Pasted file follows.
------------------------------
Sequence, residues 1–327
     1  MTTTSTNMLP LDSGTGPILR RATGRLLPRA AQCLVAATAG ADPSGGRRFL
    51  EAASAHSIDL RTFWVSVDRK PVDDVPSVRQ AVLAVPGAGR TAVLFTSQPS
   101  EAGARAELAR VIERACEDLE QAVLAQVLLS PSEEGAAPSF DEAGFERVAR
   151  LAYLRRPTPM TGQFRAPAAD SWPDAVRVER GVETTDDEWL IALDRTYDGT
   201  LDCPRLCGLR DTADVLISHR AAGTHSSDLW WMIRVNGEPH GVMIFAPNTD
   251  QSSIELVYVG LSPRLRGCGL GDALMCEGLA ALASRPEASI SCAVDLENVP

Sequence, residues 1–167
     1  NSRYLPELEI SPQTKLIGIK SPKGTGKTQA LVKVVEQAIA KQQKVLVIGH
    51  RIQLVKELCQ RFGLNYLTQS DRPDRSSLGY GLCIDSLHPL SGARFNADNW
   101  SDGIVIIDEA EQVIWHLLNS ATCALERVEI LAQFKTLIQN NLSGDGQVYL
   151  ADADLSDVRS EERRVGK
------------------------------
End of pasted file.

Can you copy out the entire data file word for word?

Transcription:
Sequence, residues 1–327
     1  MTTTSTNMLP LDSGTGPILR RATGRLLPRA AQCLVAATAG ADPSGGRRFL
    51  EAASAHSIDL RTFWVSVDRK PVDDVPSVRQ AVLAVPGAGR TAVLFTSQPS
   101  EAGARAELAR VIERACEDLE QAVLAQVLLS PSEEGAAPSF DEAGFERVAR
   151  LAYLRRPTPM TGQFRAPAAD SWPDAVRVER GVETTDDEWL IALDRTYDGT
   201  LDCPRLCGLR DTADVLISHR AAGTHSSDLW WMIRVNGEPH GVMIFAPNTD
   251  QSSIELVYVG LSPRLRGCGL GDALMCEGLA ALASRPEASI SCAVDLENVP

Sequence, residues 1–167
     1  NSRYLPELEI SPQTKLIGIK SPKGTGKTQA LVKVVEQAIA KQQKVLVIGH
    51  RIQLVKELCQ RFGLNYLTQS DRPDRSSLGY GLCIDSLHPL SGARFNADNW
   101  SDGIVIIDEA EQVIWHLLNS ATCALERVEI LAQFKTLIQN NLSGDGQVYL
   151  ADADLSDVRS EERRVGK